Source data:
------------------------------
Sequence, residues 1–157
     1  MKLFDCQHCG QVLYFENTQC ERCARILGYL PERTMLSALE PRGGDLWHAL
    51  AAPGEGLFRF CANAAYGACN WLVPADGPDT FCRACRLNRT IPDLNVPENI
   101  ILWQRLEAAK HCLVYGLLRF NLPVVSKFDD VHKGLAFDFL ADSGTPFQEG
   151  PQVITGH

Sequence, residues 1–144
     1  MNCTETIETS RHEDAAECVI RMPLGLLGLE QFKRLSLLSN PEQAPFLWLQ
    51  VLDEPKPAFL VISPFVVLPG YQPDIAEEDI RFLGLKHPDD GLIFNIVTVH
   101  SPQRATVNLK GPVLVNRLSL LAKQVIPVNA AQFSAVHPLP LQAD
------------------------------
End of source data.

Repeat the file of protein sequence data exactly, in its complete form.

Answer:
Sequence, residues 1–157
     1  MKLFDCQHCG QVLYFENTQC ERCARILGYL PERTMLSALE PRGGDLWHAL
    51  AAPGEGLFRF CANAAYGACN WLVPADGPDT FCRACRLNRT IPDLNVPENI
   101  ILWQRLEAAK HCLVYGLLRF NLPVVSKFDD VHKGLAFDFL ADSGTPFQEG
   151  PQVITGH

Sequence, residues 1–144
     1  MNCTETIETS RHEDAAECVI RMPLGLLGLE QFKRLSLLSN PEQAPFLWLQ
    51  VLDEPKPAFL VISPFVVLPG YQPDIAEEDI RFLGLKHPDD GLIFNIVTVH
   101  SPQRATVNLK GPVLVNRLSL LAKQVIPVNA AQFSAVHPLP LQAD